Parisian Terrace Culture – Prendre un Verre en Terrasse

Deutsche Version

With the upcoming anniversary of the introduction of the Corona measures and the consequent closure of all gastronomies across France approaching, today I’d like to talk about one of the most iconic features of the cityscape and ambience in Paris – the terrace.

80% of all French people said in a 2020 survey that they missed the terraces in Confinement (Lockdown) the most. That’s not exactly a surprising fact. The café terraces in Paris are not just for drinking coffee, they are indispensable places for social exchange. People meet friends, discuss the news and socialize. Not to forget the aspect of „seeing and being seen“.

The tradition of French cafés and their terraces is rather unique in the world.

A Short History of the Parisian Terrace

The first Parisian cafés were founded under Louis XIV. The Café Procope, reputedly the oldest café in Paris, opened in 1686 in the 6th arrondissement and became a meeting place for many philosophers, musicians, writers and – thanks to its proximity to the Comédie-Française – actors. Among its guests were Rousseau, Voltaire, Benjamin Franklin, Alexander von Humboldt and many more. (English Wikipedia: Café Procope)

The idea of the terrace arose at about the same time. In the course of some restructuring, Louis XIV had the city walls (along what is now metro line 2) demolished and established extensive allées. Along these, some of the residents now began to rent out tables and chairs for passers-by.

When Haussmann completely restructured the city in the 19th century and today’s boulevards were created, the terraces in front of the cafés spread out thanks to the newly gained space.

Here are some beautiful pictures from the time around 1900: À la terrasse des cafés parisiens en 1900 (As a former Munich resident, I particularly like the second one…)

The terraces experienced a heyday in the period between the wars, when people had a particularly great need for distraction and entertainment. At that time, there were an incredible 320,000 cafés (many with terraces) in Paris.

Incidentally, Jean-Paul Sartre and Simone de Beauvoir, two of the most famous guests of Café Flore on Boulevard St Germain, hardly ever sat on the terrace. Their regular place was inside the café on the first floor.

Not without my Terrace…

In short, Paris is unimaginable without its terraces. In 2018, there were even efforts to have Parisian bistros and terraces recognized as UNESCO World Heritage Sites (French cuisine already made it in 2010). On every corner – even in quiet residential areas – there are tables and chairs in front of the bars, bistros and restaurants. And most of the time they are well occupied.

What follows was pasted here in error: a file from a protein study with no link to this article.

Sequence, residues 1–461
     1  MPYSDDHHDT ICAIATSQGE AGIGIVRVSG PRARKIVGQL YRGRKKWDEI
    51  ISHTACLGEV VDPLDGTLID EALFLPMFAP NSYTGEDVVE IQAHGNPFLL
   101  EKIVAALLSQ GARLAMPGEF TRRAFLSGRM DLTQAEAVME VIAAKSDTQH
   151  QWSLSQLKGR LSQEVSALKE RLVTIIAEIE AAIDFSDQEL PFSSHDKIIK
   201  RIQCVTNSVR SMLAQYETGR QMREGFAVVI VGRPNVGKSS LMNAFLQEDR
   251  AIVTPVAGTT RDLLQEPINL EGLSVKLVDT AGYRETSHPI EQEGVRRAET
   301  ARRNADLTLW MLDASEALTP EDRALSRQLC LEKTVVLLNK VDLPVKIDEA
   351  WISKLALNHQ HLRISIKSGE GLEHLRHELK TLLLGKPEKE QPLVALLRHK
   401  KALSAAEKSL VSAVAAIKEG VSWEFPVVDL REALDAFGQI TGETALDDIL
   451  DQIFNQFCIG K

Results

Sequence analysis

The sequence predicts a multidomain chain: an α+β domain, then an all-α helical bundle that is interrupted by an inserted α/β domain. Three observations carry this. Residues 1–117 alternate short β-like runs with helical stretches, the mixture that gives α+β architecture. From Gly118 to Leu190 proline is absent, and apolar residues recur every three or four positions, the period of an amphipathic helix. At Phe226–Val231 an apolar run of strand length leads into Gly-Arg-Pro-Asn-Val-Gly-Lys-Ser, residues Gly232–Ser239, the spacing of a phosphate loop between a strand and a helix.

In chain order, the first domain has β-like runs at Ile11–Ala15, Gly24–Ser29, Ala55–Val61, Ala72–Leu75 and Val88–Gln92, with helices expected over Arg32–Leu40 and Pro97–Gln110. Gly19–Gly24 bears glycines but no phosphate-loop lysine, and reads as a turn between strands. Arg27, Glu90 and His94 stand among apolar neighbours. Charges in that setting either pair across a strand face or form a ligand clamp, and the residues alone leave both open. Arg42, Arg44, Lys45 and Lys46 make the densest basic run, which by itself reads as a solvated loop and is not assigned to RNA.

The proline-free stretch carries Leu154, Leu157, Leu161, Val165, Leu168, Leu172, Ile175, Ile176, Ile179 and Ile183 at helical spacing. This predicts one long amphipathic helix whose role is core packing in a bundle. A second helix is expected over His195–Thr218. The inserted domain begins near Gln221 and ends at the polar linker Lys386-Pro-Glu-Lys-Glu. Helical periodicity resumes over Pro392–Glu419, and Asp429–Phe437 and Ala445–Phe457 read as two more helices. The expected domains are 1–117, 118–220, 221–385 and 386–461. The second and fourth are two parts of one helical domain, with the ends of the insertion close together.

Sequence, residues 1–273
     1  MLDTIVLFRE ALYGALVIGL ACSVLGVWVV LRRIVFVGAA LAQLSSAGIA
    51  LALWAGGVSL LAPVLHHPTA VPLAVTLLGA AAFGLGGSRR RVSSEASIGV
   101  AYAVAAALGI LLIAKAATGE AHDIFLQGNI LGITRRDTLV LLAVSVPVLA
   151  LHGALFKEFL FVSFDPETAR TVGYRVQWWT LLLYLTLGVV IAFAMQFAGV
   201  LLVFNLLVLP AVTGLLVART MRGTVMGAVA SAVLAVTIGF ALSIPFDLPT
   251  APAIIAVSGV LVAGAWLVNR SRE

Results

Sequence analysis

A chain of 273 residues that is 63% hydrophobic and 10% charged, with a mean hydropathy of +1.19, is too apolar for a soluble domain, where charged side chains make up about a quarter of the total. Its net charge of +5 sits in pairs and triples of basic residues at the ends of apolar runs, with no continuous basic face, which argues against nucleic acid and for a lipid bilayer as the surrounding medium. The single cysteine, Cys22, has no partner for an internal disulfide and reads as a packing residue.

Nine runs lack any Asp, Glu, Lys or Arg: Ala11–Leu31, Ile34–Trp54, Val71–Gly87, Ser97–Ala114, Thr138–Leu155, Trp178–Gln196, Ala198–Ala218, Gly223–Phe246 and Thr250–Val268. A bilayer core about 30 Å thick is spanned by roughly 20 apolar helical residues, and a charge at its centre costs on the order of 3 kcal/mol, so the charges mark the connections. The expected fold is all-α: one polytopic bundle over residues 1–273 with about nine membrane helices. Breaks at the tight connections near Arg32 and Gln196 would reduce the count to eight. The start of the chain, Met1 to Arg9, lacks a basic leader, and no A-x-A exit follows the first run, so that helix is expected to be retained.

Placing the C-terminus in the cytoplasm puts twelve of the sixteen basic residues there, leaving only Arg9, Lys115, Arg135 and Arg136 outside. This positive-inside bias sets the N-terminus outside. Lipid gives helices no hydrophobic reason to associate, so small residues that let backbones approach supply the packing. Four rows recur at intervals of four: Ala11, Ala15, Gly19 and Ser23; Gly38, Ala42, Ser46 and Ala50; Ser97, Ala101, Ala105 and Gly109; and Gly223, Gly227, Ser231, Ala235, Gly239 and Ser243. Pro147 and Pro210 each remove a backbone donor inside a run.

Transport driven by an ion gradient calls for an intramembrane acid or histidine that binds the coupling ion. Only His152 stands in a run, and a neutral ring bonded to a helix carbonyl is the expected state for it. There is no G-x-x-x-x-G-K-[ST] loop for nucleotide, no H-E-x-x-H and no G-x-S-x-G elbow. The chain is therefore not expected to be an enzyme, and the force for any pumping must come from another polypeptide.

The terraces even find their way into children’s books…. „There are two kinds of people in Paris: People who are in a hurry and people who sit on the café terraces.“ (Quote: Le Loup qui voulait faire le tour du monde von Orianne Lallemand und Éléonore Thuillier – Auzou)

Picture by Saskia taken from the original book „Le loup qui voulait faire le tour du monde“

The fact that smoking has been strictly prohibited indoors in cafés, restaurants, bistros and bars since 2008, certainly contributes to the success of the terraces, because there it is allowed. And since there are still relatively many smokers among French people of all classes and ages*, it is not surprising that the (still heated) terraces are also used in winter when it is cold or raining.

I know, from an environmental point of view this is an outrage and will certainly change in the near future. However, I’m sure that Parisians – as with so much else – will adapt. (Beheizte Terrassen in Paris – Französische Lebensart prallt auf Ökologie)

For me, Parisian terraces are an indispensable part of the city. And that was already the case when I came to Paris „merely“ as a visitor. My first port of call was always one of the city’s terraces to drink a completely overpriced Coke for about 6-8 euros.

I don’t do that (drink overpriced Coke) anymore (so often). Nevertheless, the terraces have remained an important part of my „outdoor“ life. I read a book, work over coffee or meet friends for a pint or a glass of wine.

And here might be another reason for the success of the terraces:  Paris is not necessarily a „green“ city. It is – also thanks to the development restrictions of the Péripherique (city motorway ring) – densely populated. There are few green spaces that invite you to linger. In addition, the smaller district parks usually close as dusk falls. And nobody really wants to be out at night in the Bois de Boulogne… Apart from that, the French like to drink their coffee (or beer) „sur place“, and in proper cups.